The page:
Here’s eye-opening information.

Published 6:44 am Wednesday, May 23, 2012

(NAPSI)—Here’s eye-opening information: Whether you get enough sleep can affect your mood, your weight, even your heart health. Fortunately, there are things you can do to improve your chances of getting a good night’s sleep.

Summer heat and additional hours of sunlight can take a toll on our sleep quality. In fact, a recent Sleep Number survey revealed that 37 percent of people struggle to catch restorative sleep during the summer months—more than any other season.

“For example,” said Pete Bils, Vice President of Sleep Innovation and Research at Sleep Number, “in order to fall asleep, the normal sleep cycle requires our body temperature to drop, and the excess body heat we release is absorbed by our bedroom and mattress. If the room is too hot or the bedding isn’t breathable, the heat will be trapped next to us—making it difficult to get quality sleep.”

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Bils offers the following tips to help people get great sleep:

Excessive temperatures and humidity disrupt sleep

• The optimal sleeping temperature is 65 degrees Fahrenheit with 65 percent humidity. So use a fan or a lightweight blanket during the summer, or adjust your thermostat to maintain a more comfortable sleeping temperature.

• Body heat is released through your feet, head and hands, so keep them uncovered.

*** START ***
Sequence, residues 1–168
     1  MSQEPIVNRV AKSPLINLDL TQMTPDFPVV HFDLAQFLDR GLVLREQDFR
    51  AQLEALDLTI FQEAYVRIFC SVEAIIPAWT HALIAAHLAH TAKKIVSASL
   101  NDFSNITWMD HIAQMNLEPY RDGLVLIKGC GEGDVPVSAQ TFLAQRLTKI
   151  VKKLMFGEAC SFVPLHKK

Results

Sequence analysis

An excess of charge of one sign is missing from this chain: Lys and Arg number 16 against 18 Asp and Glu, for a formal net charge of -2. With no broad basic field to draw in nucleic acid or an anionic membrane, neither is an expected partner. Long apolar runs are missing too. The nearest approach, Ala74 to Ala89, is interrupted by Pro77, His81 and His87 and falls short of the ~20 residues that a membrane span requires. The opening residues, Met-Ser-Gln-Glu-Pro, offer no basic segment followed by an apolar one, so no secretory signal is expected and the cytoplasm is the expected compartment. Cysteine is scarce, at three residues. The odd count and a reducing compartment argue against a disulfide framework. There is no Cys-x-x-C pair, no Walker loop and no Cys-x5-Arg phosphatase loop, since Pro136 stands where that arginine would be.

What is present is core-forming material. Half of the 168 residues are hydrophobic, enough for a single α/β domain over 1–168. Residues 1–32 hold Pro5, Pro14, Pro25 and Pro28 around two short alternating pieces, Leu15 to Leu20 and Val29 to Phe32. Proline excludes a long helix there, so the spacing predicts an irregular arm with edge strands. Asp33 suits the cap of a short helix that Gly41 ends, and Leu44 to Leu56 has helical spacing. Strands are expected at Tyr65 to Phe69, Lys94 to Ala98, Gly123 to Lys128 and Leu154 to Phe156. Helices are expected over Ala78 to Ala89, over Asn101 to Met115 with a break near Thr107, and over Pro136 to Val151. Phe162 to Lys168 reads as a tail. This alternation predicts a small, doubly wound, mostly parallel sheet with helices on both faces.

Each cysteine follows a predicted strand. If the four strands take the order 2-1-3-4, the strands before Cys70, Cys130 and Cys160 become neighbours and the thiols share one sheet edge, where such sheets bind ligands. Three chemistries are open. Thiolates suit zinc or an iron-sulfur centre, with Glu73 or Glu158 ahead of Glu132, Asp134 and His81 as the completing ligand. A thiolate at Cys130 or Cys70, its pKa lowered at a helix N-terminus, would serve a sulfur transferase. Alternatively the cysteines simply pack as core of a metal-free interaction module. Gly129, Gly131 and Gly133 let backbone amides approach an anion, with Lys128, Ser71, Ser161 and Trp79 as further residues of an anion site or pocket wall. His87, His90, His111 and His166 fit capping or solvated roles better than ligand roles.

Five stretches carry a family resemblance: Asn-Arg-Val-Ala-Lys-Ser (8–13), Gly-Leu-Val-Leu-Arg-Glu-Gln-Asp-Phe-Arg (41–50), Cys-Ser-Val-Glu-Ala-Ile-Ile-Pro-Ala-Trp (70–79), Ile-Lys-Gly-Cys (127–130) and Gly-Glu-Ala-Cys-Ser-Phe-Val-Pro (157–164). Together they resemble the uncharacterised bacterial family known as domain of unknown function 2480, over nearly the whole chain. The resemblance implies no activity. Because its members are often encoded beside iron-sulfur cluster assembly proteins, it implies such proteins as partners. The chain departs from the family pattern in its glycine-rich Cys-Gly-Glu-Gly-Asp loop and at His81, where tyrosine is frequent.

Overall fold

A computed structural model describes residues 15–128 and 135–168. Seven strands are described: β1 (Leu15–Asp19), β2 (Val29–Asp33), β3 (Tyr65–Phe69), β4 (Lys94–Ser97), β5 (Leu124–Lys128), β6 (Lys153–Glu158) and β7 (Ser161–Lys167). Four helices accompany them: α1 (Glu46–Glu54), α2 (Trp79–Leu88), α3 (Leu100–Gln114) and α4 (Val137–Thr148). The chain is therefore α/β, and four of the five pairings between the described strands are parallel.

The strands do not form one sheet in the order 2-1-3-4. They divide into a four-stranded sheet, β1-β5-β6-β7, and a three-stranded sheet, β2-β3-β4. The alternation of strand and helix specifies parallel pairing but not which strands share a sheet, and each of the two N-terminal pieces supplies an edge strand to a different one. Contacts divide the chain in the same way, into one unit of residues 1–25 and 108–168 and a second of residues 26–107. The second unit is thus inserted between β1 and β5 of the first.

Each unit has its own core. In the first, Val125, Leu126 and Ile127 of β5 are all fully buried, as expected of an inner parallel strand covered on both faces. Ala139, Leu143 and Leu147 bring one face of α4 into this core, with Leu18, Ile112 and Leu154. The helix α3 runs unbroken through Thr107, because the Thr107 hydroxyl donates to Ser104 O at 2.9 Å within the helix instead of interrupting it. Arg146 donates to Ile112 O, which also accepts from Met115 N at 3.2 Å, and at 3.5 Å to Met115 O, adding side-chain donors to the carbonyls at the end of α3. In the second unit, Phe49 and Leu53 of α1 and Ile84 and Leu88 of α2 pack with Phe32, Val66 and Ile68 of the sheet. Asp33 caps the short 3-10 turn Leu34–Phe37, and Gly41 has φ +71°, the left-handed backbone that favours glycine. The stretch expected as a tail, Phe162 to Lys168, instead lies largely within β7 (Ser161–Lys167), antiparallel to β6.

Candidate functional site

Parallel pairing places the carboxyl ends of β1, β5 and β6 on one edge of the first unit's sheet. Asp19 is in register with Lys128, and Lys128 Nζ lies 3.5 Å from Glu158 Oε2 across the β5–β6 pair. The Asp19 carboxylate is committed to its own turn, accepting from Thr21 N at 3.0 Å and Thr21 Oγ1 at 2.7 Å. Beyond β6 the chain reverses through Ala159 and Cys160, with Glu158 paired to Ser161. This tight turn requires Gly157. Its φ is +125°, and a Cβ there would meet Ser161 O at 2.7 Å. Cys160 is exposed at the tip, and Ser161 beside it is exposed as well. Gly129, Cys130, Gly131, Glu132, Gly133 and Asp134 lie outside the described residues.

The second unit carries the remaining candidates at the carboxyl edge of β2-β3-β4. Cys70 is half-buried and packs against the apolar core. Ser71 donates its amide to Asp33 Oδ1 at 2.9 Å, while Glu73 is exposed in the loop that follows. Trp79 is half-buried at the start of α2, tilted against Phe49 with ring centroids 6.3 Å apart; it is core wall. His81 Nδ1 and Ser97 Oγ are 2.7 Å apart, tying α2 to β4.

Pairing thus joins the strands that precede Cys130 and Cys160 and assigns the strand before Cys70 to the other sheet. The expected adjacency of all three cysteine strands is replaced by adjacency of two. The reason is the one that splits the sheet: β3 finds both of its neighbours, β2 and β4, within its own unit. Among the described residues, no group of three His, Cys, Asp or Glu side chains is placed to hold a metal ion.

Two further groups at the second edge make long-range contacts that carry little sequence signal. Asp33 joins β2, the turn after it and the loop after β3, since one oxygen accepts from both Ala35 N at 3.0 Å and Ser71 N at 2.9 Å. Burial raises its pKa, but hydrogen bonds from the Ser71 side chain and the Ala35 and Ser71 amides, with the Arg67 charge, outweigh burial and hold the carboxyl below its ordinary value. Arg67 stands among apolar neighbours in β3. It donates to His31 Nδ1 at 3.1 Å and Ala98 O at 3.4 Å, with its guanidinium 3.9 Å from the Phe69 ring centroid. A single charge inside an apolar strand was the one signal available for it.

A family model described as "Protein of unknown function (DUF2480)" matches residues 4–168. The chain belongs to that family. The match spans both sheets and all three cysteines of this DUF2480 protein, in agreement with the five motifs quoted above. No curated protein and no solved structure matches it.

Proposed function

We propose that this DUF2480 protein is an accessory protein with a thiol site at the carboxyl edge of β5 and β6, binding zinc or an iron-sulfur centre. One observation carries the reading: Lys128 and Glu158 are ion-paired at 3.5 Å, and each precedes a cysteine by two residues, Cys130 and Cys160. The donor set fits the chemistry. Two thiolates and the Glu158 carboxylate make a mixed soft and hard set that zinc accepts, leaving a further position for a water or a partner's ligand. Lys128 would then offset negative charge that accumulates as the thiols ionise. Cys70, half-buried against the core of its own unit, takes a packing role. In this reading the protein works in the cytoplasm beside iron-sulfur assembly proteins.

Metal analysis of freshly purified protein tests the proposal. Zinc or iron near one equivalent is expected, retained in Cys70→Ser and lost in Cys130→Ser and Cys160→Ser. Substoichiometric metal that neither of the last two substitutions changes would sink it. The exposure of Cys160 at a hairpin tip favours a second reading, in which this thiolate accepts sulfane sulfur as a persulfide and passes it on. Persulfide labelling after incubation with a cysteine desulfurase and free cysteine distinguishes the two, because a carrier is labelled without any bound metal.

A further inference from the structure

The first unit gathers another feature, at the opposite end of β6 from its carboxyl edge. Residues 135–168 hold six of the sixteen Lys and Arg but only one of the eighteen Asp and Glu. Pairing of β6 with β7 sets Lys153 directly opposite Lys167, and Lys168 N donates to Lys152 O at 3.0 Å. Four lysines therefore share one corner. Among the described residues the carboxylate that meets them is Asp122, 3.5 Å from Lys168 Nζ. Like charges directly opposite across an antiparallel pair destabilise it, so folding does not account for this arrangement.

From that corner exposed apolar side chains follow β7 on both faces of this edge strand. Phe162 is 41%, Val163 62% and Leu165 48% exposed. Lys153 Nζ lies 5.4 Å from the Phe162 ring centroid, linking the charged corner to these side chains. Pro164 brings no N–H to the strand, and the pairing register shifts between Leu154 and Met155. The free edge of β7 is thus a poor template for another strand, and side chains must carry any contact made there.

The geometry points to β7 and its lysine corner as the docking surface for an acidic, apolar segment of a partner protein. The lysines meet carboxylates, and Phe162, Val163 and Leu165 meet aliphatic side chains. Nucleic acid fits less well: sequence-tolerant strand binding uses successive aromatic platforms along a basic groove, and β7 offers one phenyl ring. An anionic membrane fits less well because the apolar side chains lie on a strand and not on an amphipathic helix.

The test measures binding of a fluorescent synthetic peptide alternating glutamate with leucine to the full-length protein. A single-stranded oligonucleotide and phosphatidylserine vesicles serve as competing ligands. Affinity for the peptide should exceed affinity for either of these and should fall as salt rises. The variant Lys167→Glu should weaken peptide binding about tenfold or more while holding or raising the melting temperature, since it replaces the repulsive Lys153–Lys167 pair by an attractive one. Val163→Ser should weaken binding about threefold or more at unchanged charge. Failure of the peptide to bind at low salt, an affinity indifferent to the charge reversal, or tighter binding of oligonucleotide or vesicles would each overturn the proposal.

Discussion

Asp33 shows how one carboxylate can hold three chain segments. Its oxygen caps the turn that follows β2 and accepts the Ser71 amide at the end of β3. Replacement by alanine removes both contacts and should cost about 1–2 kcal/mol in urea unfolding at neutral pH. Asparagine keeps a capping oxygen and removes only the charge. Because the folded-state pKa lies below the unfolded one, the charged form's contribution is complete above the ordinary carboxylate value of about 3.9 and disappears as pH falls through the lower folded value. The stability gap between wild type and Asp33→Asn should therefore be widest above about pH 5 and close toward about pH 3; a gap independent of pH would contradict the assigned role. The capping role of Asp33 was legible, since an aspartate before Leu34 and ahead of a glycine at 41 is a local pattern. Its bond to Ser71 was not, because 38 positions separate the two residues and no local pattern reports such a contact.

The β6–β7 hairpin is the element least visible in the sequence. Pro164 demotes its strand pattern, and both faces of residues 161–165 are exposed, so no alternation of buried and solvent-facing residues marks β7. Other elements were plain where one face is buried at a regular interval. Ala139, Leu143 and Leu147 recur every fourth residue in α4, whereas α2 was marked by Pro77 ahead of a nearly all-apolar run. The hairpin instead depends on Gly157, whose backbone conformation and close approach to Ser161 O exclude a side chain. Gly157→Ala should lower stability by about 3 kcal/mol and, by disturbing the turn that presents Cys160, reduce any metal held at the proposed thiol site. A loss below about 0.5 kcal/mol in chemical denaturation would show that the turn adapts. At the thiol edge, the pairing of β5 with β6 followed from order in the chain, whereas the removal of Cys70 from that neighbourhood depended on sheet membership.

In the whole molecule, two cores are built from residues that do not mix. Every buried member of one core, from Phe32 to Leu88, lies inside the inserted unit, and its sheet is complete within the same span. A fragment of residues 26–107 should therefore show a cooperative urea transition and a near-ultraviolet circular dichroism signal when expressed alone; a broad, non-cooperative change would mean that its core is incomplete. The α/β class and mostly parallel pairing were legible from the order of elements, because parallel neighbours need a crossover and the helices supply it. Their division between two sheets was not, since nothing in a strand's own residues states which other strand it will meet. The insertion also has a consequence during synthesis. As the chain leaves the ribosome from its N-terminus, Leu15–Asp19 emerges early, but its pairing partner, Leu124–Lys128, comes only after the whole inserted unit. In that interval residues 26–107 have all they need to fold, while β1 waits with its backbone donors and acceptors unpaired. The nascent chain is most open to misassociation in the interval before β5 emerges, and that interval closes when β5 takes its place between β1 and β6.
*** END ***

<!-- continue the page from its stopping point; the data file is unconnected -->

• Go to bed with damp hair. As the water evaporates, it creates a cooling effect.

Light is the most powerful influence on your sleep schedule

• The increase in daylight hours tends to delay bedtime, pushing people to get less shut-eye than they need. Use light-blocking blinds or curtains or wear an eye mask at night to help you fall asleep.

• About an hour before bed, don’t expose yourself to bright lights or screens (overhead lighting, television, phone, etc.). The natural sleep process, the secretion of melatonin, begins when exposed to dim light.

Maintain constant sleep and workout schedules

• Avoid the tendency to stay up late and sleep in during vacation. Altering your sleep schedule midweek actually creates jet lag-like symptoms, which impact your motor skills, concentration, mood and health. Do your best to maintain a consistent sleep schedule, even while traveling, seven days a week.

• Don’t exercise too late in the evening in order to allow enough time for the body temperature to cool down before bedtime.

• Find bedding that works for couples who can’t agree on warmth. Check out Sleep Number’s exclusive In Balance bedding collection items, featuring Outlast temperature-balancing material, proven to wick moisture and draw excess heat away from the body so sleepers stay at a comfortable temperature all night long. Sleep Number utilizes the material, originally developed for NASA, in a variety of bedding products including sheets, blankets, duvets, comfort layers, mattress pads and its Innovation-series line of beds.

For additional summer-sleep tips and more information about Sleep Number’s exclusive In Balance bedding collection items, visit to find a Sleep Number store.


On the Net:North American Precis Syndicate, Inc.(NAPSI)